"Toc-toc-toc, Police!" It is eleven at night, we are deep asleep. "This place very danger, come police station!" A few hours earlier, we found this hiding spot just a few hundred meters off the highway. Hidden from the highway, yes, hidden from the dirt track, yes. But not far off enough to escape the shepherd which thinks foreigners are suspicious people. While driving to the police station with a soldier sitting next to me, we tried to find out what danger they are referring to. "Mountain, very, very danger, wild animals." "Goats, sheep and dogs?" "No, wolfs." "Really? I wish I could see a wild wolf one day! I didn't know they can open car doors!" All of us, including our escort soldier, couldn't stop laughing! This is not the first time we are being disturbed by the police and not the first time people are referring to wild animal as being the source of danger. We thought this must be a code word: wild animal = wild people... The soldier insisted that cities are safe and mountains are unsafe. We explained that for us it is the other way around, mountain = hassle free, cities = police checks and noisy. Nevertheless, a few minutes later, when our solider friend translated our discussion to his colleagues at the police station they all laughed while repeating : "Mountain, very danger..." They asked us to drive 20km to the next main petrol station and spend the night there: "petrol station, very safe!" Oh, and they almost forgot to at least take our names to justify their little mission...

Just before reaching Mashhad, we headed east close to the Afghani border and enjoyed the beautiful landscapes on our way to the Robat Sharaf caravanserai. Being an important part of the Silk Road back then, the country had a hug network of 'hotels' which were providing shelter for the caravans every 30 kilometers (that was a day's journey). Most of them are like a square mud fortress with rooms inside along the walls and with an empty court in the middle. This caravanserai was bigger than the ones we had seen so far. It had two sections with two different mosques. One for the rich Sheiks and the other one for the guides and the servants. The mosques and portals are still partly decorated with beautiful original stuccos.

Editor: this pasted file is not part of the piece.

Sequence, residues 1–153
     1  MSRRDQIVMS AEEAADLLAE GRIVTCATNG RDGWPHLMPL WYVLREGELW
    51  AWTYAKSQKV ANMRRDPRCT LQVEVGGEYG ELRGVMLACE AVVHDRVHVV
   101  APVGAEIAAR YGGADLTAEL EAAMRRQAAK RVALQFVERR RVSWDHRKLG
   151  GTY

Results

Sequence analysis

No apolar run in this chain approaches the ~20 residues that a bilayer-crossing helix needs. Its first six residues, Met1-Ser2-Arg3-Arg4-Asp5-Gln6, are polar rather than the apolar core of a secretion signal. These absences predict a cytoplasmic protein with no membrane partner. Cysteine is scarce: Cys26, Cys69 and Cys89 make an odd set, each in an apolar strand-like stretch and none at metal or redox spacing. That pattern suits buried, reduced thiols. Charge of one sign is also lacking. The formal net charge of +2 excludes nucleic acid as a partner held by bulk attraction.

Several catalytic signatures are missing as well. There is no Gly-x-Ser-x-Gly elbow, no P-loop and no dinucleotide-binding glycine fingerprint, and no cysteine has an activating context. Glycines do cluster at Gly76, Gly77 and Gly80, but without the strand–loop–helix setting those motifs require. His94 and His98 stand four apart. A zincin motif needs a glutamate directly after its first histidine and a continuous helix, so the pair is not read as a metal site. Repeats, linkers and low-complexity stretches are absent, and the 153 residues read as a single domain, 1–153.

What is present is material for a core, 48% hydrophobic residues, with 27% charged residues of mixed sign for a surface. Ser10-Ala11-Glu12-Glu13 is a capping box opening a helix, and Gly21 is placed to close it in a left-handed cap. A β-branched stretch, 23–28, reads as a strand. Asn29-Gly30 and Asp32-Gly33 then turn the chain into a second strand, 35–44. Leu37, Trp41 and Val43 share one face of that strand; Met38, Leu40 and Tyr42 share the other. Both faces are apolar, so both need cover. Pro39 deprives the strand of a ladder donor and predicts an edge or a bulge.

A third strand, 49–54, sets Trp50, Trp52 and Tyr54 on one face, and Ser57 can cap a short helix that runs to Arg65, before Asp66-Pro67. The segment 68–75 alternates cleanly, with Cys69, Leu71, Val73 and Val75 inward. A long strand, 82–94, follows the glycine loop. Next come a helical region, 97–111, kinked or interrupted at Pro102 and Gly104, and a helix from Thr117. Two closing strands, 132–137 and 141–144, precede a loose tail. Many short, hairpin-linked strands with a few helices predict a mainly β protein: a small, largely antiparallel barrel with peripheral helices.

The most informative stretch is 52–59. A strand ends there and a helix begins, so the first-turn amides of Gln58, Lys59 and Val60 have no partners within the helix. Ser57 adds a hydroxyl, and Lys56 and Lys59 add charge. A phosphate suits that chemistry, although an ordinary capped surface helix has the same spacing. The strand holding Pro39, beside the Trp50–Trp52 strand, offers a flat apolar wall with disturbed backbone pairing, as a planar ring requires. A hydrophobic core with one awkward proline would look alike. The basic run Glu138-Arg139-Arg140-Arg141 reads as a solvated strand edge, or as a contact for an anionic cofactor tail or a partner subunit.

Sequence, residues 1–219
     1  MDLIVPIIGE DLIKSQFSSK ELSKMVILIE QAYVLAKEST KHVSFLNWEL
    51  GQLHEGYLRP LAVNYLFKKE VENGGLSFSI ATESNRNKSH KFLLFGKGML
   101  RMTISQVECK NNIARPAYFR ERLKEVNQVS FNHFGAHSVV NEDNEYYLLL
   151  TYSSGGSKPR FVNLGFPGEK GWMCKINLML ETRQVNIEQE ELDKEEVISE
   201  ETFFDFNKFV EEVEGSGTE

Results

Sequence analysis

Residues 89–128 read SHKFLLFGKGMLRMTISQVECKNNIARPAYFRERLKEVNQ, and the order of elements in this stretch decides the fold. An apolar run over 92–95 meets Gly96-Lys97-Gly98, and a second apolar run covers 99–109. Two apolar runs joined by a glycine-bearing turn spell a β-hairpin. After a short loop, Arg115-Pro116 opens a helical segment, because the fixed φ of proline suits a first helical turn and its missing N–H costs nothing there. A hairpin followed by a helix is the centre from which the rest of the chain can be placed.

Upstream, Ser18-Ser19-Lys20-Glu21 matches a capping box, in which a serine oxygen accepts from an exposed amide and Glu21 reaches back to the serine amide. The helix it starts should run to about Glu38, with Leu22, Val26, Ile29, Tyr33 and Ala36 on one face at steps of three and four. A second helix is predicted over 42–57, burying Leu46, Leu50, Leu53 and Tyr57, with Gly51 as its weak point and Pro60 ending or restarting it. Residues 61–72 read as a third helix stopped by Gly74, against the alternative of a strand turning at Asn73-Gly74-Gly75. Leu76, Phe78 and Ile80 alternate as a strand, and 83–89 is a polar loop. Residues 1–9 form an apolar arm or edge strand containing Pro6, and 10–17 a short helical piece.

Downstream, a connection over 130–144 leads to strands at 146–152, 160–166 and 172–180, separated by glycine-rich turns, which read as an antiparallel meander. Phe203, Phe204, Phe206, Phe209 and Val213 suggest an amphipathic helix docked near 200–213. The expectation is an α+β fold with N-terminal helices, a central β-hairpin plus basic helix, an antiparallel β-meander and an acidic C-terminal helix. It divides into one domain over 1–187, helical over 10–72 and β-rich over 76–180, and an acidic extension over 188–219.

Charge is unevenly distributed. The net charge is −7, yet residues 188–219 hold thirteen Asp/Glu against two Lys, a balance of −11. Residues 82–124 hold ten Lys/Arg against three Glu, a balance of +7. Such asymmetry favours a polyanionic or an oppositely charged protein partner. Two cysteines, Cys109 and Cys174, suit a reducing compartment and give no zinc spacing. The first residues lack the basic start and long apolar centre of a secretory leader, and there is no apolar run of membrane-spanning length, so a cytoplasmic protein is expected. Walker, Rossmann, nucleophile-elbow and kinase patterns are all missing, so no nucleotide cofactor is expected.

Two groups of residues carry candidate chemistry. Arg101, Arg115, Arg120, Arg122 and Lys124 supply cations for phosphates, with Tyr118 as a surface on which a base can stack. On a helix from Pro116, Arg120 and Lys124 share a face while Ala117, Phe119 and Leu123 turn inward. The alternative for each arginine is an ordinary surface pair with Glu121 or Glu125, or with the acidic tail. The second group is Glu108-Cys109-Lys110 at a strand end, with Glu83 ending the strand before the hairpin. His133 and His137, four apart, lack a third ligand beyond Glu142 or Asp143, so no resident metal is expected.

The Imam Resa holy shrine in Mashhad is the holiest place in Iran and therefore the most important pilgrim site for the Shiite. After dressing up with a chador for the first time, we entered this gigantic complex accompanied by Zeinab, our 24 years old guide volunteering here one day a week. After watching a movie presentation, we went through the many different court yards and admired the golden domes, fountains, minarets and portals. We also discovered some indoor prayer's room completely covered in mirrors reflecting like crystal. One of the most surprising place was the underground cemetery. It is the only place which had zero decoration. The concrete walls, pillars and ceiling are bare with just a layer of white paint. And the tombs are actually the marbled floor we are walking on with shoes on. In the gold domed holy shrine room, people were pushing each other to touch or kiss the golden cage covering the Imam Reza's tomb. At prayer time, seeing thousands of devoted people sitting in perfect rows, following the prayer movements together was impressive. For me listening to the beautiful singing of the Imam was a meditation itself.


After wandering around for a couple of hours, Zeinab warmly invited us home for lunch. Her mother was surprised she brought some guests home (it was a first), but even with no-notice we have been received like kings in their 'guest living room' with golden sofas. Thanks again for such spontaneity and generosity.